1. Diet for rapid weight loss

    Academy of Nutrition and Dietetics. Staying away from fad diets. Updated January 4, 2016. www.eatright.org/resource/health/weight-loss/fad-diets/staying-away-from-fad-diets . Accessed May 25, 2016. Cowley MA, Brown WA, Considine ...

  2. Diet and Nutrition in Porphyria

    ... Art Sale You are here Home Diet and Nutrition A proper diet is important to all individuals, ... alter food intake. Therefore, attention to diet and nutrition is important in almost any disease. Porphyrias are ...

  3. Association between maternal education and diet of children at 9 months is partially explained by mothers' diet.

    Lioret, Sandrine; Cameron, Adrian J; McNaughton, Sarah A; Crawford, David; Spence, Alison C; Hesketh, Kylie; Campbell, Karen J

    2015-10-01

    Infants of mothers of low educational background display consistently poorer outcomes, including suboptimal weaning diets. Less is known about the different causal pathways that relate maternal education to infants' diet. The present study aimed to test the hypothesis that the relationship between maternal education and infants' diet is mediated by mothers' diet. The analyses included 421 mother-infant pairs from the Melbourne Infant Feeding Activity and Nutrition Trial (InFANT) Program. Dietary intakes were collected from mothers when infants were aged 3 months, using a validated food frequency questionnaire relating to the past year, and in infants aged 9 months using 3 × 24-h recalls. Principal component analysis was used to derive dietary pattern scores, based on frequencies of 55 food groups in mothers, and intakes of 23 food groups in infants. Associations were assessed with multivariable linear regression. We tested the product 'ab' to address the mediation hypothesis, where 'a' refers to the relationship between the predictor variable (education) and the mediator variable (mothers' diet), and 'b' refers to the association between the mediator variable and the outcome variable (infants' diet), controlling for the predictor variable. Maternal scores on the 'Fruit and vegetables' dietary pattern partially mediated the relationships between maternal education and two infant dietary patterns, namely 'Balanced weaning diet' [ab = 0.11; 95% confidence interval (CI): 0.04; 0.18] and 'Formula' (ab = -0.08; 95%CI: -0.15; -0.02). These findings suggest that targeting pregnant mothers of low education level with the aim of improving their own diet may also promote better weaning diets in their infants.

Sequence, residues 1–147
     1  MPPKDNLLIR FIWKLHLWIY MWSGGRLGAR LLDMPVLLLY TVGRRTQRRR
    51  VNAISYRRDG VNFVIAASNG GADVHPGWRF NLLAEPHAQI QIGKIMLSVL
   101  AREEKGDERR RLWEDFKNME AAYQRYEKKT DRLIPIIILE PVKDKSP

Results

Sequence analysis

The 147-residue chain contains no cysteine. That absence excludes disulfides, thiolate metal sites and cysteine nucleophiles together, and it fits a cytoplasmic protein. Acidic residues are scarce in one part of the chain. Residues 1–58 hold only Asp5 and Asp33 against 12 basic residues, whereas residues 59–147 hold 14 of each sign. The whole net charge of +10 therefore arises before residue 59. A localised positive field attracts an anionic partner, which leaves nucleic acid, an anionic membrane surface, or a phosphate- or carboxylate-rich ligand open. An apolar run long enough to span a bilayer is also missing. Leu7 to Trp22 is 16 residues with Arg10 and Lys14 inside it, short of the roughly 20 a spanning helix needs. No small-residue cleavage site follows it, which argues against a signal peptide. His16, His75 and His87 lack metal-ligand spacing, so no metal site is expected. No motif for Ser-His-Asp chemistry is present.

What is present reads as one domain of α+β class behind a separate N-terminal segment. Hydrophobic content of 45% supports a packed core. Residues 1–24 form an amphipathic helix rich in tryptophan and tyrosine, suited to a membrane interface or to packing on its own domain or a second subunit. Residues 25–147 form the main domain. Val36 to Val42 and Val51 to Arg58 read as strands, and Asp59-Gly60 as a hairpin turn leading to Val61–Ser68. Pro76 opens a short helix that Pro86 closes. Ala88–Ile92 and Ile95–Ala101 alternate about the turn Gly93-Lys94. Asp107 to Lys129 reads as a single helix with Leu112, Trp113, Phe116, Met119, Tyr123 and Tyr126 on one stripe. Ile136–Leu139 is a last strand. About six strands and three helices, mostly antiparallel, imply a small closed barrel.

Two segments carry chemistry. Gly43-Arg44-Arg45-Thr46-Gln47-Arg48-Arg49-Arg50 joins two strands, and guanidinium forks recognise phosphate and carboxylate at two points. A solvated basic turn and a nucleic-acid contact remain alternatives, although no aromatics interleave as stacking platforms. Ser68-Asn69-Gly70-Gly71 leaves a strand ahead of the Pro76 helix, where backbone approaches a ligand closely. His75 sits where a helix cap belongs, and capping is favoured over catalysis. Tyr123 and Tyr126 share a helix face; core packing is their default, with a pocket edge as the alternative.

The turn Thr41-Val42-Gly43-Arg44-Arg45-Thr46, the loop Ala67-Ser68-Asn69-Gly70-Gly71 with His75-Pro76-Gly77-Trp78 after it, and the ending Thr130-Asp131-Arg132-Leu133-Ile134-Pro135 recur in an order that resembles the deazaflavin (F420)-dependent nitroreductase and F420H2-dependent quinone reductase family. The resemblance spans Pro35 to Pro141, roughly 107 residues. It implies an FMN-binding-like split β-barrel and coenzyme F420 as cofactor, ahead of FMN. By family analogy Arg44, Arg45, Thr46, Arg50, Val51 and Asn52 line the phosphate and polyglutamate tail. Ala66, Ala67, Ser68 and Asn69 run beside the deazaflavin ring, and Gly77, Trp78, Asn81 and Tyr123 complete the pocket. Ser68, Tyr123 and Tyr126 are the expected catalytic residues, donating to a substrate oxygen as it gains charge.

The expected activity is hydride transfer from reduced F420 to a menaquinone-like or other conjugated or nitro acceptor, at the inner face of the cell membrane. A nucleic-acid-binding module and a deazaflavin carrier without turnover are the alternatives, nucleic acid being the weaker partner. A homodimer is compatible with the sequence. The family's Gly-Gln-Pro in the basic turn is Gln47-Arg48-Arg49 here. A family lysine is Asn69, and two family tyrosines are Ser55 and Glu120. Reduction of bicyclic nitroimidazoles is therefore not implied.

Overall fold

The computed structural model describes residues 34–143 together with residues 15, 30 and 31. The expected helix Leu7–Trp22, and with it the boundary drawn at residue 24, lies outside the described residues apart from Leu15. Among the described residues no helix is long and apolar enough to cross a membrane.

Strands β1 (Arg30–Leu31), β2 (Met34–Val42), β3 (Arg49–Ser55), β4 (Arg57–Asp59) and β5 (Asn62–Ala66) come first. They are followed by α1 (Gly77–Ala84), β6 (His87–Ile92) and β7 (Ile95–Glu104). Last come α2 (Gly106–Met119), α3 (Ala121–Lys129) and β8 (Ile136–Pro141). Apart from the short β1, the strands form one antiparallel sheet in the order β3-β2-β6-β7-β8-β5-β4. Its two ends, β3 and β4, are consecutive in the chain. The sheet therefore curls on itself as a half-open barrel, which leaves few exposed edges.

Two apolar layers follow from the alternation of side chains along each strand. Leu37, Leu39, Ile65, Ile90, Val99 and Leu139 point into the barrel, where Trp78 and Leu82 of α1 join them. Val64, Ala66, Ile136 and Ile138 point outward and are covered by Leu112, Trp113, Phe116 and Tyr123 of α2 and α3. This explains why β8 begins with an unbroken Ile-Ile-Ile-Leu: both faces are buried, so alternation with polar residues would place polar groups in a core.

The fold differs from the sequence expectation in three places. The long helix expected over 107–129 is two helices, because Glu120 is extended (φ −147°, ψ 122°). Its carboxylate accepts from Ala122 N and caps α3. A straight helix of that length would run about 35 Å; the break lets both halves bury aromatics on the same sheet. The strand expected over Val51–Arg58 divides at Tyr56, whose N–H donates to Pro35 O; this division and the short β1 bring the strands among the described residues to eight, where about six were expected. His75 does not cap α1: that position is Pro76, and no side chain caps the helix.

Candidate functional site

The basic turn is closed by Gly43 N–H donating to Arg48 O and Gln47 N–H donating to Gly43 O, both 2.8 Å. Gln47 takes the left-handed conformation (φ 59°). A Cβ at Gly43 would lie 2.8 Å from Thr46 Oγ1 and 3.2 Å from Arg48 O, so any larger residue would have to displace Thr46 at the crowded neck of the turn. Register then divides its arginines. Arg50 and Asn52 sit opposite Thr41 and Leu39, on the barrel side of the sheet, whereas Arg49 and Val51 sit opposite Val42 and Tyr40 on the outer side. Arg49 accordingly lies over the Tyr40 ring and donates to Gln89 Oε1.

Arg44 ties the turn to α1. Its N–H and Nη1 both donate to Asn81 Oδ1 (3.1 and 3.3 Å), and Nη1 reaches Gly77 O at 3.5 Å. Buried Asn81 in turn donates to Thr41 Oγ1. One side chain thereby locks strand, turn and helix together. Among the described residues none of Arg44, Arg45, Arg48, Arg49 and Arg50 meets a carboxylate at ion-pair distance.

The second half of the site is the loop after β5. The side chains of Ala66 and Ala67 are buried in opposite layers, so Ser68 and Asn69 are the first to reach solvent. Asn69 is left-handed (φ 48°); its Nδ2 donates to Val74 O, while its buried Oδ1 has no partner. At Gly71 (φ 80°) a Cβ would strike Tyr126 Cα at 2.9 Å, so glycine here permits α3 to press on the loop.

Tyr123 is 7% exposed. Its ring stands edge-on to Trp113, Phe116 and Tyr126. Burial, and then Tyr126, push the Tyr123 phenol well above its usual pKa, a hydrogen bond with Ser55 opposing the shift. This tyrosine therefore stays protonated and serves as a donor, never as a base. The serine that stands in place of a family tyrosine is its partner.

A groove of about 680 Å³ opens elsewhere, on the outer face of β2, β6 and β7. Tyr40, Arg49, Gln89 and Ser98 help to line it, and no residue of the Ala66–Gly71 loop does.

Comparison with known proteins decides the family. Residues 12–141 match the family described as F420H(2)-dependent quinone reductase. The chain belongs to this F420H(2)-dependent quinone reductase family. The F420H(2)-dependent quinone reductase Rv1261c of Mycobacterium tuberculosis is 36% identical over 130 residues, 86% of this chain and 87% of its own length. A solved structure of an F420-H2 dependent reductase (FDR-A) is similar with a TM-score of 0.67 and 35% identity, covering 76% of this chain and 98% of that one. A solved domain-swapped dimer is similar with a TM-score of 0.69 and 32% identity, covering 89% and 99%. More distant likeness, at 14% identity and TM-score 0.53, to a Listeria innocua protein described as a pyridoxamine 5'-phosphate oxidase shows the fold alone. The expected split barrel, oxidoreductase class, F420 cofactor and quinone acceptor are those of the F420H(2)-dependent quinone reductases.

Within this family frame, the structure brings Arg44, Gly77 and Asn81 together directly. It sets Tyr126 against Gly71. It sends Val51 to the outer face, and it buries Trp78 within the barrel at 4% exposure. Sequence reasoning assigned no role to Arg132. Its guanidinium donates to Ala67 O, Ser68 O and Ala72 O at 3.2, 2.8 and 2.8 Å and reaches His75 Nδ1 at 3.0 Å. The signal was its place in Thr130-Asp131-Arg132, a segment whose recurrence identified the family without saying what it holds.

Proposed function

4. Impact of Diet Composition in Adult Offspring is Dependent on Maternal Diet during Pregnancy and Lactation in Rats.

    Hallam, Megan C; Reimer, Raylene A

    2016-01-14

    The Thrifty Phenotype Hypothesis proposes that the fetus takes cues from the maternal environment to predict its postnatal environment. A mismatch between the predicted and actual environments precipitates an increased risk of chronic disease. Our objective was to determine if, following a high fat, high sucrose (HFS) diet challenge in adulthood, re-matching offspring to their maternal gestational diet would improve metabolic health more so than if there was no previous exposure to that diet. Animals re-matched to a high prebiotic fiber diet (HF) had lower body weight and adiposity than animals re-matched to a high protein (HP) or control (C) diet and also had increased levels of the satiety hormones GLP-1 and PYY (p diet was associated with the most beneficial metabolic phenotype (body fat, glucose control, satiety hormones). The HP diet, as per our previous work, had detrimental effects on body weight and adiposity. Findings in control rats suggest that the obesogenic potential of the powdered AIN-93 diet warrants investigation.